A northeastern Mexican state, bordering Texas on the north, and the Gulf of Mexico on the east. Its area is about 30,000 square miles (or slightly smaller than South Carolina), with a population of about 2.25 million. Its capital is Ciudad Victoria.

Northern Tamaulipas shares its culture with that of Texas, and is primarily characterized by agriculture and industrial growth. This region is home to many of the maquiladoras, factories owned by US companies but worked primarily by Mexicans. Its principal cities are Matamoros, Reynosa, and Nuevo Laredo. Nearly half the population lives in this border area.

Southern Tamaulipas' economy is based primarily on petroleum drilling and processing, which takes place largely in the city of Ciudad Madero. Also of importance are the tourism and fishing industries, as well as much commercial shipping, based in Tampico. A quarter of the population lives in this pleasant coastal area.

The central zone contains the capital, Ciudad Victoria, and is home to much foresting and farming, as well as some industrial development. About 30% of the population lives here, both in the capital and in Ciudad Mante. Ciudad Victoria is a significant educational center, home to the Autonomous University of Tamaulipas(which also has campuses in other cities in the state), the Regional Technical Institute of Ciudad Victoria, the University of Valle de Bravo, and other institutions of learning.

Not all is rosy, however. As of the 1990 census, 13 percent of the homes have only dirt floors, nearly 19 percent have no running water, and over 15 percent of the homes have no electricity. This is better than the national average, but is skewed because of the high rate of development in the urban centers -- in rural communities in Tamaulipas, access to running water is available in less than 40 percent of homes.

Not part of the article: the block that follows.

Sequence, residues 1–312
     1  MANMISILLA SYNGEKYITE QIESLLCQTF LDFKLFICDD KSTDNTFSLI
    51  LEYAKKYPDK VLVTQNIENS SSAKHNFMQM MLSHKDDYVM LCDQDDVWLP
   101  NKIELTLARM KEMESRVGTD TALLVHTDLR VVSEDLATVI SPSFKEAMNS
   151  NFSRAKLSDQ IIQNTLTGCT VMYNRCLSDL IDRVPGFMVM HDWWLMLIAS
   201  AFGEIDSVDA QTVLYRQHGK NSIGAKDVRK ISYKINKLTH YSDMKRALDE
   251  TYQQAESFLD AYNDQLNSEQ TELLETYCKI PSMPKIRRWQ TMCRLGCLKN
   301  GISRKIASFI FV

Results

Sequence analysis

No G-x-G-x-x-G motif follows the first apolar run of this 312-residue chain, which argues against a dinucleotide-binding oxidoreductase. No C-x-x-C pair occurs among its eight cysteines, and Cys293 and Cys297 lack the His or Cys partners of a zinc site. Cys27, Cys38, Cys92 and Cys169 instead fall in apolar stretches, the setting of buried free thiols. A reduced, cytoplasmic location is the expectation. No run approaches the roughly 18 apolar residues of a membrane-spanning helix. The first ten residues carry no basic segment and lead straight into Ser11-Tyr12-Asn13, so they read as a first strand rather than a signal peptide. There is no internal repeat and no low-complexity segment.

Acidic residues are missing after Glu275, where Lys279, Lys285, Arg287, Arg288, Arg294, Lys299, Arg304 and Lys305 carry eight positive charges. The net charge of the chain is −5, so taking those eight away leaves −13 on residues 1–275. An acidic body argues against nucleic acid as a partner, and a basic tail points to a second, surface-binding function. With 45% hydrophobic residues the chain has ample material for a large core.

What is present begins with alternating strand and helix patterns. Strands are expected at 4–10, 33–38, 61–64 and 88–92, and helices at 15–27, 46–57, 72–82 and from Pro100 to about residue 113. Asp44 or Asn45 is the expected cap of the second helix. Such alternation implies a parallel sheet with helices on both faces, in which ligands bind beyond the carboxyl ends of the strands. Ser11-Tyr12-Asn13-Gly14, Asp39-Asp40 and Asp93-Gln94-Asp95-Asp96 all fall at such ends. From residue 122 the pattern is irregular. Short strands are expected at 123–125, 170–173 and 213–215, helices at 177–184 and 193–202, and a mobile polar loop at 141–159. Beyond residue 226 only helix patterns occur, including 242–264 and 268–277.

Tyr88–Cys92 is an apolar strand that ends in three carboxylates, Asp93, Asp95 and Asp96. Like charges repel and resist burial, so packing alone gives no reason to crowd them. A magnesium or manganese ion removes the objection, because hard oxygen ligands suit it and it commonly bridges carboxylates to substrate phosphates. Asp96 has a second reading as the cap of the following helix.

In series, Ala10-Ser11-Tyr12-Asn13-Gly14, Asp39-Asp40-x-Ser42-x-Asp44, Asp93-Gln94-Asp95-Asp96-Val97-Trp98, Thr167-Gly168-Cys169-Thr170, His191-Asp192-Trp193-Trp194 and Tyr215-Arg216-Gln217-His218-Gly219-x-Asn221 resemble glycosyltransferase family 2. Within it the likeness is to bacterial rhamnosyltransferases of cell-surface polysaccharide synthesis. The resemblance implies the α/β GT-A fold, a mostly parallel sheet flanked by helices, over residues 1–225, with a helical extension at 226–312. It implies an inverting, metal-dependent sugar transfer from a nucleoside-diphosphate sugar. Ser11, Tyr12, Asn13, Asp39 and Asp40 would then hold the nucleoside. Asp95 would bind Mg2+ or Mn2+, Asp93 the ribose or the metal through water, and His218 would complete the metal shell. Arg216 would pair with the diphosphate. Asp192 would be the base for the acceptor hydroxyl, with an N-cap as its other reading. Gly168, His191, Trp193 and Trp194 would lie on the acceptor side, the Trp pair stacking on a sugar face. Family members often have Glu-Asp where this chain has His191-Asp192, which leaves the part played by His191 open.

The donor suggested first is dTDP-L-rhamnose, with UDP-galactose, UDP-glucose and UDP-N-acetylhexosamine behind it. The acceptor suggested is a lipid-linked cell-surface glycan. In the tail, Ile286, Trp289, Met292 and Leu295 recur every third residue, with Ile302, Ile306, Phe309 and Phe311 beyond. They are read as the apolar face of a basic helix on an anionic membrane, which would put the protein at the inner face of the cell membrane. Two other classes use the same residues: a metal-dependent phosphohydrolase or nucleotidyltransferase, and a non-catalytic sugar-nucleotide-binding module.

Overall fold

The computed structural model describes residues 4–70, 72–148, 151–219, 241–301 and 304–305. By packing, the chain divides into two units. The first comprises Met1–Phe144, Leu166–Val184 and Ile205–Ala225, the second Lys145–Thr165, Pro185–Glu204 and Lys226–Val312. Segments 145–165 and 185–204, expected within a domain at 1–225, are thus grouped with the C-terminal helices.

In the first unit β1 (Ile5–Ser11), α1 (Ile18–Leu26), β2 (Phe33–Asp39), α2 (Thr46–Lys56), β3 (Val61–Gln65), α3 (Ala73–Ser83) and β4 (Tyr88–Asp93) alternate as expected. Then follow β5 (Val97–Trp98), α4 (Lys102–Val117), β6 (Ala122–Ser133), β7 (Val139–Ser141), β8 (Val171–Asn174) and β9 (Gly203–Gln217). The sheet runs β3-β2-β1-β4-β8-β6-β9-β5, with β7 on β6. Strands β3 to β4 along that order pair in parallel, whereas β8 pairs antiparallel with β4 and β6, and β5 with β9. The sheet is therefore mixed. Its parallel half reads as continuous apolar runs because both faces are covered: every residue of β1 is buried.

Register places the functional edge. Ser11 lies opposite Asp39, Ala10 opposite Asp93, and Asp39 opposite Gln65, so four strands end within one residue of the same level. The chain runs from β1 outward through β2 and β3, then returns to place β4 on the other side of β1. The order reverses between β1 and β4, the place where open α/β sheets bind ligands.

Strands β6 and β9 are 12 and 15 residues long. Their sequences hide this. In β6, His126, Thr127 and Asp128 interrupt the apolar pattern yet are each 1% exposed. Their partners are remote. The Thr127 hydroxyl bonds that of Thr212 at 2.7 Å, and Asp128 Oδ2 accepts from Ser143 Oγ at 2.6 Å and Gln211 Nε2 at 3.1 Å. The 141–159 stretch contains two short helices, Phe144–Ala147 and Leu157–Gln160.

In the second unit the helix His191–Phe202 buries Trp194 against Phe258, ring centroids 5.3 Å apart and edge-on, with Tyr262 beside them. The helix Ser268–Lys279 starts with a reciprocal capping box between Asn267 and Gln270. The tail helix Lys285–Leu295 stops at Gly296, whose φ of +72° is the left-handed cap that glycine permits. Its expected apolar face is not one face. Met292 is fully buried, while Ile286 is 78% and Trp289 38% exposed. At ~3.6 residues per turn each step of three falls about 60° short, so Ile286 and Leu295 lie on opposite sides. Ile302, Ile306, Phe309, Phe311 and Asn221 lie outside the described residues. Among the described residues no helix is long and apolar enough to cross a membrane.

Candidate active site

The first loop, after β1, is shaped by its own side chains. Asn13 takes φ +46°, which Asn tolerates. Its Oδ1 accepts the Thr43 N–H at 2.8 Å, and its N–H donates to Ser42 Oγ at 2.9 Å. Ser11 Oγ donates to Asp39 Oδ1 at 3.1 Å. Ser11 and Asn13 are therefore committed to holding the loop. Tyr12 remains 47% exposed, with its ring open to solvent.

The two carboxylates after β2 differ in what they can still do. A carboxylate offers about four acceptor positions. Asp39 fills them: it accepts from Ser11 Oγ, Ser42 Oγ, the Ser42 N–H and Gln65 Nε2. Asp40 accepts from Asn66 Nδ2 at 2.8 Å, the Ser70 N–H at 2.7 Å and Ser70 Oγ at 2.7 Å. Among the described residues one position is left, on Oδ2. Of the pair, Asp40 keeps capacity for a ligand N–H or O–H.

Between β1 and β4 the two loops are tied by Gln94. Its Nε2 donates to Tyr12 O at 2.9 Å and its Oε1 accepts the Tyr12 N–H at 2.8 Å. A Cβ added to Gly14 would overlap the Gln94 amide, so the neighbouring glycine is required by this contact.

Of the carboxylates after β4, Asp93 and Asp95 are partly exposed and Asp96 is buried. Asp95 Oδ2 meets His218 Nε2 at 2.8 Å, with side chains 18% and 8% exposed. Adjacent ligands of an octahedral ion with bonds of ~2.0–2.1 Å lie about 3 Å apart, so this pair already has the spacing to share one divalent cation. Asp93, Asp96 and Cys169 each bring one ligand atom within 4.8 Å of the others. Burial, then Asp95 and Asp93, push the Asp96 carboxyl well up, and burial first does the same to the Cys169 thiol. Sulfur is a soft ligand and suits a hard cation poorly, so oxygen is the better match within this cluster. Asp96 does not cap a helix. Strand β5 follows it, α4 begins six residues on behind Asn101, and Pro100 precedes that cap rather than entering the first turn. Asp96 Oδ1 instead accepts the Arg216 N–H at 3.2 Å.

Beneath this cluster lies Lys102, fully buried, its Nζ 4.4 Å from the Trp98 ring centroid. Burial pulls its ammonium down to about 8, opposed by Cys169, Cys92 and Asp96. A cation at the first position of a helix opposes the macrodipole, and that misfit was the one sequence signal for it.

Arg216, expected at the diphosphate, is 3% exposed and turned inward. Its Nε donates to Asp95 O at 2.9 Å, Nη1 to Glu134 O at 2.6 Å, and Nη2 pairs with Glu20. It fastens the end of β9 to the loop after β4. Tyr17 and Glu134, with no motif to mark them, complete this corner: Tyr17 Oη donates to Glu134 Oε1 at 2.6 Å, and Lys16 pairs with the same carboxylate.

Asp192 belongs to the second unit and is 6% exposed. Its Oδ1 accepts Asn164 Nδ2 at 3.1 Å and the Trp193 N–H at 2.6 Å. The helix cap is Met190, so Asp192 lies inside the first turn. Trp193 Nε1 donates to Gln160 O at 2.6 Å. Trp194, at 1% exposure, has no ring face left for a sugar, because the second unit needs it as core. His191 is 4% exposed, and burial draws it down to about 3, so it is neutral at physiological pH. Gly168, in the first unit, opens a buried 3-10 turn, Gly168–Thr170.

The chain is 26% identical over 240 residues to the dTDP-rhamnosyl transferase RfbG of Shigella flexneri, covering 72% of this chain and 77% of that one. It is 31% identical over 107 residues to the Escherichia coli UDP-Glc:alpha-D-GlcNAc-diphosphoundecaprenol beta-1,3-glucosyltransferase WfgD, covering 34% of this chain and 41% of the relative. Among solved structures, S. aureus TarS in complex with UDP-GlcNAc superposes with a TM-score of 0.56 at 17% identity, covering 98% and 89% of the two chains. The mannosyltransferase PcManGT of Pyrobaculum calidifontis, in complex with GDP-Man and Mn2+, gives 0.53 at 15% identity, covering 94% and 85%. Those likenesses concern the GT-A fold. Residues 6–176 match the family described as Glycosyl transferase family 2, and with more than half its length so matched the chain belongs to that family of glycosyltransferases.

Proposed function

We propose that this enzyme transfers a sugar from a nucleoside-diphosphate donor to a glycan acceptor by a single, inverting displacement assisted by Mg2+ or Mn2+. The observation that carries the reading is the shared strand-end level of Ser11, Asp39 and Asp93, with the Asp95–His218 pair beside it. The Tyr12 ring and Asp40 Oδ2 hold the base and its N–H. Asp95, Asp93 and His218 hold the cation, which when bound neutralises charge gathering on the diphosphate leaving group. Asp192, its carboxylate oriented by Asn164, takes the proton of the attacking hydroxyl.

History

The area currently known as Tamaulipas has been inhabited for at least 8000 years. Several different cultures existed back then, the north coastal, south coastal, lowlands, and mountains.

After Cortez conquered the Aztecs rather quickly, it was a gradual process by which Spain subjugated the inhabitants of Tamaulipas in the 16th and 17th centuries. More work along these lines was done by Franciscan missionaries, although repeated indigenous rebellions kept the area unstable. The local government capital during this time moved from Santander, to San Carlos, and finally to Aguayo.

After Mexico's independence from Spain, Tamaulipas continued to be an unstable region. The fight in national government between federalist and centralist factions resulted in repeated rebellions. In January of 1854 Tamaulipas was declared a state of the union, during the civil war between Santa Anna and the liberal guerrilla factions that had been in power before him. Its capital was kept as Aguayo, which would later be renamed Ciudad Victoria.

The French occupation and reign of Emperor Maximilian during the 1860's was difficult for Tamaulipas, at least on the borders and in the city of Tampico. Portions of Tamaulipas supported the guerrilla fighters resisting the French, especially in the north. It was not until two years after French occupation began, that Tamaulipas as a state finally acceded to Maximilian's rule, and it was not until 1866 that the last French soldiers left the state, leading up to Maximilian's execution in 1867.

However, the years after Maximilian's defeat were ones of rebuilding and great growth in Tamaulipas. International trade began to blossom, especially with the coming of the railroad to Tampico, which was developing as not only a port city, but an industrial and commercial center as well. The railroad allowed goods to flow quickly from the mines and cities of the interior and the Texas border to Tampico for processing and shipment. This in turn caused significant growth in towns such as Matamoros and Nuevo Laredo.

Since the revolution of 1910, successive governments have been dedicated to building industry and infrastructure in Tamaulipas, including communications and educational systems. Norberto Trevino Zapata founded the state university system as well as reforming the state oil industry. Marte Gomez provided increased farm sizes for private family farmers. And more recently, Emilio Martinez Manautou led industrial growth. Lately a push has been to strengthen fishing, including fights to increase the price of fish and shellfish on the international market.


Log in or registerto write something here or to contact authors.